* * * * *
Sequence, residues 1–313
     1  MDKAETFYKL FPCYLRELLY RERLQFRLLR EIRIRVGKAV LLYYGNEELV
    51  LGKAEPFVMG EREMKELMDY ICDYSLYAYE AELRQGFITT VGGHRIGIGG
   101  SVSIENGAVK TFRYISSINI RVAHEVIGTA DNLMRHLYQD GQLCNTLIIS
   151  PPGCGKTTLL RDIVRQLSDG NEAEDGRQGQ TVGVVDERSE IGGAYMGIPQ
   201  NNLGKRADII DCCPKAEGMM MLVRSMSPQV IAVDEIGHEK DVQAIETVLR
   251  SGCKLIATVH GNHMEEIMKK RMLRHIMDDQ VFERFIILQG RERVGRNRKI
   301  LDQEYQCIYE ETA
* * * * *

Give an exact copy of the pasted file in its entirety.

Sequence, residues 1–313
     1  MDKAETFYKL FPCYLRELLY RERLQFRLLR EIRIRVGKAV LLYYGNEELV
    51  LGKAEPFVMG EREMKELMDY ICDYSLYAYE AELRQGFITT VGGHRIGIGG
   101  SVSIENGAVK TFRYISSINI RVAHEVIGTA DNLMRHLYQD GQLCNTLIIS
   151  PPGCGKTTLL RDIVRQLSDG NEAEDGRQGQ TVGVVDERSE IGGAYMGIPQ
   201  NNLGKRADII DCCPKAEGMM MLVRSMSPQV IAVDEIGHEK DVQAIETVLR
   251  SGCKLIATVH GNHMEEIMKK RMLRHIMDDQ VFERFIILQG RERVGRNRKI
   301  LDQEYQCIYE ETA